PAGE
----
(Written/published online in 2011; this mooted legislation wasn’t implemented and isn’t in the process of being revisited as of now)
Govt Propose new ‘Intentional Trespass’ law
The ConDem government say they’re going to make camping on private land a criminal offence. The proposed law of ‘intentional trespass’ (as yet not written up into a draft parliamentary bill) is being advanced as a general measure, not as a measure specifically targeting travellers (because if it was traveller specific it would be ruled unlawful on the grounds of discrimination). ‘Intentional trespass’ will make any unauthorised access to land a criminal offence. See the Commons debate from 8th Sept. last year here:
They’re modelling making trespass a criminal offence after the current Irish Law:
– which makes it an offence to “enter and occupy any land where such entry or occupation is likely to prevent persons entitled to use the land from making reasonable use of the land or substantially interfere with the land, any amenity in respect of the land, the lawful use of the land or any amenity in respect of the land.” (paraphrased and condensed by Sam from ASS)
As well as travellers the changes would serious impact on squatting.
The Ministry of Justice have also been undertaking a review on how to strengthen the law in regard to incorporating specific measures relating to squatting to make squatting a criminal offence as it is in Scotland (as with ‘intentional trepass’, it has not yet been written up into a draft parliamentary bill). At present, homeowners in England have to obtain an order from the civil courts to force squatters to leave. Their review is reportedly also examining if interim possession orders, requiring squatters to leave a property, could be granted by the courts within 24 hours rather than taking up to a week.
Here is the Govt’s current guidance on squatting:
A lot of these changes were proposed, before the election, in the Conservative ‘Planning Green Paper’ released back in February 2010 (see page 18):
…or see this page for a digest of the proposals —
Alongside this, there are also forthcoming changes in policing tactics to respond to ‘real-time protests’ which would encompass land occupations of relevance to climate camps and other eco-protest as well as splinter-group protests emanating from larger demonstrations such as happened at the G20 protests in London on 1st April 2009 and during the recent student demonstrations in London at the end of 2010.
This information about the forthcoming change in policing tactics is taken from a recent HMIC press release (08/02/2011), on the release of their report on their review of adapting policing tactics to real-time to protests, in reference to what they describe as “the changing nature of protest” (ie: the increasing use of digital media and mobile phones):
HMIC Press Release (dated 09/02/2011):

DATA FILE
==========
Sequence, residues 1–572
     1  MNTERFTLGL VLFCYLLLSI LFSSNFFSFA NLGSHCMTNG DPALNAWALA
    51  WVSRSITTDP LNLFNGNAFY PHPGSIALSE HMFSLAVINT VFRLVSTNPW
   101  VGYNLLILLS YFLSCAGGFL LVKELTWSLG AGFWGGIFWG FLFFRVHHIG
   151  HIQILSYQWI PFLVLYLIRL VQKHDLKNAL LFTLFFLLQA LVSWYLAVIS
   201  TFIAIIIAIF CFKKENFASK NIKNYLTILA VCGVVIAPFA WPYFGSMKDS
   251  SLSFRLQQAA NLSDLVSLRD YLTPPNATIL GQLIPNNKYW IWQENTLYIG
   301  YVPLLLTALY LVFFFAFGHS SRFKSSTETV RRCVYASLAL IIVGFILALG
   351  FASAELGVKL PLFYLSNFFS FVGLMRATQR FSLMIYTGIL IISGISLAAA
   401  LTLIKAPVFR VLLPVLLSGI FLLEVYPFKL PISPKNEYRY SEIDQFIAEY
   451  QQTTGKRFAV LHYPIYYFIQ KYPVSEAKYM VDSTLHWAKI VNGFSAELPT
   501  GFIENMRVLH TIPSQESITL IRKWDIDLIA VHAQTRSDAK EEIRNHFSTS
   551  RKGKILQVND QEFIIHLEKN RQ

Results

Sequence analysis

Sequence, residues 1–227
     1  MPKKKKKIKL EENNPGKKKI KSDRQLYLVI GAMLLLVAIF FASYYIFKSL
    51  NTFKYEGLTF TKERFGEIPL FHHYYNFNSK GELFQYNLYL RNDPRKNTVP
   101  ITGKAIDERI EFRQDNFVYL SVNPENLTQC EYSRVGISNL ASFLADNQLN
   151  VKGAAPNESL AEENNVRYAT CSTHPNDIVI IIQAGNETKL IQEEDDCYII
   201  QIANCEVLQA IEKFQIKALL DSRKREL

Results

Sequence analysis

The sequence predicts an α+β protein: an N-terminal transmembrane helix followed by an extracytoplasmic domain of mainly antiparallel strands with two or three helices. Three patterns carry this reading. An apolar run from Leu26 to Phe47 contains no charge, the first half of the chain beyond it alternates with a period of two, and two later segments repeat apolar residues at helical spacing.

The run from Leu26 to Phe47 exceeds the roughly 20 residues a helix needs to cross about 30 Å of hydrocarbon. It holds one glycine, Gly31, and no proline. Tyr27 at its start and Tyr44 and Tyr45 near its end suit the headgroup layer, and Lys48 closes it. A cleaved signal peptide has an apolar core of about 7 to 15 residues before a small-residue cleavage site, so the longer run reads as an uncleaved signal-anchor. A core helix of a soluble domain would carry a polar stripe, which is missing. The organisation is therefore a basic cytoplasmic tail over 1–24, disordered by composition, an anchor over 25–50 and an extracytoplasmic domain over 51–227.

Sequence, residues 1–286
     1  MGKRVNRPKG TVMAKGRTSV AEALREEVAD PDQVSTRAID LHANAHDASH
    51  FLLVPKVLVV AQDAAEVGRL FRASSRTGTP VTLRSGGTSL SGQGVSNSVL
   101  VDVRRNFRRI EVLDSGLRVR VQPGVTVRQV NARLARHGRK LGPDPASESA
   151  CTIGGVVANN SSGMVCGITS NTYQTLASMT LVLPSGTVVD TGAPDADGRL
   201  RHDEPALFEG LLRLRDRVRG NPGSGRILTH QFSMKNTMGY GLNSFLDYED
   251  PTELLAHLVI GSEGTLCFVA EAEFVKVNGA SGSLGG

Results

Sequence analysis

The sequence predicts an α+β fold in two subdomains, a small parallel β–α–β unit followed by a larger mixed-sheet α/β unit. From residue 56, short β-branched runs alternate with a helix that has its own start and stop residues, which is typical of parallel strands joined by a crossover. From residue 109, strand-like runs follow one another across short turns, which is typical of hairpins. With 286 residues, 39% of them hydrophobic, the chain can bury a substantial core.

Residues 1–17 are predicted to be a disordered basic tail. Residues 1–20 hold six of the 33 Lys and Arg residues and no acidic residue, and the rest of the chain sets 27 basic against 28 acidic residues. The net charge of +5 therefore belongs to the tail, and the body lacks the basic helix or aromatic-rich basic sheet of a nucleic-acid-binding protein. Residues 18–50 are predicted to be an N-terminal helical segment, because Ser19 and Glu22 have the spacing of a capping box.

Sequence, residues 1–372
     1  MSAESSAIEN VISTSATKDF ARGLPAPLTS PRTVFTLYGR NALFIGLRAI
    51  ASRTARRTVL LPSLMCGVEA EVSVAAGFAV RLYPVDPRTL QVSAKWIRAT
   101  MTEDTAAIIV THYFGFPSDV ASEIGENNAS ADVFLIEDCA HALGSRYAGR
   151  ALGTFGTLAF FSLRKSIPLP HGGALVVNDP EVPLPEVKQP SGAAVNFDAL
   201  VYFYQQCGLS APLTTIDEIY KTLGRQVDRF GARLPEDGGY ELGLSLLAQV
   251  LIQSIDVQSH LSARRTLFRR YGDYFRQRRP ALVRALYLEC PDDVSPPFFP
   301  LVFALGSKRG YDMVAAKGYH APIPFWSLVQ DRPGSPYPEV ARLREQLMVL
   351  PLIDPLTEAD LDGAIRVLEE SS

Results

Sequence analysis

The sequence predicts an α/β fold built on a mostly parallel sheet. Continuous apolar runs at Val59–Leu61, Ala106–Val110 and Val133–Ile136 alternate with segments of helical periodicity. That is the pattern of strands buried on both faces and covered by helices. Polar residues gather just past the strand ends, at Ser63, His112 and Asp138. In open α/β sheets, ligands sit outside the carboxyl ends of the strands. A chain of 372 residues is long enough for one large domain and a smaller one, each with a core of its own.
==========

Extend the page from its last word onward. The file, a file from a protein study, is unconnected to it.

POLICE ARE ADAPTING THEIR TACTICS TO THE CHANGING NATURE OF PROTESTS, BUT PACE MUST ACCELERATE
Police forces cannot plan for a quiet world and must swiftly adapt in real-time to protests that pose risks to public safety, a report by H.M. Inspectorate of Constabulary (HMIC) found today.
HMIC’s 2009 reports, ‘Adapting to Protest and Adapting to Protest – Nurturing the British Model of Policing’, balanced human rights with keeping the peace during the digital age, when social media and mobile phones enable demonstrators to organise and change their plans quickly.
Today’s review considers the implications of the British model, built on “toe-to-toe” policing – the principle that officers should police amongst the people without barriers or obstructions.
This approach has to-date prevailed, even during recent events, where protests escalated to include violence against officers on the ground and attacks on iconic buildings.
However, HMIC is calling for the police to remain adaptable to the changing nature of protest, and is urging the police to consider how tactics used to safeguard peaceful protest can be developed to deter those with criminal intent.
H.M. Chief Inspector of Constabulary, Sir Denis O’Connor, said, “The pattern of protest is evolving in terms of numbers, spread, disruption and, in some instances, violence.”
“Police tactics must be as adaptable as possible to the circumstances, and the challenge of striking the right balance between competing rights is a difficult judgment call. Commendably, the Association of Chief Police Officers (ACPO) is taking up most of HMIC’s recommendations in their new training procedures. However, these changes are taking time to embed with officers; months, if not years. The new ACPO manual, finalised in October 2010, will be used as the basis for training from Spring 2011.”
Rest of this press release is available on the HMIC website, at: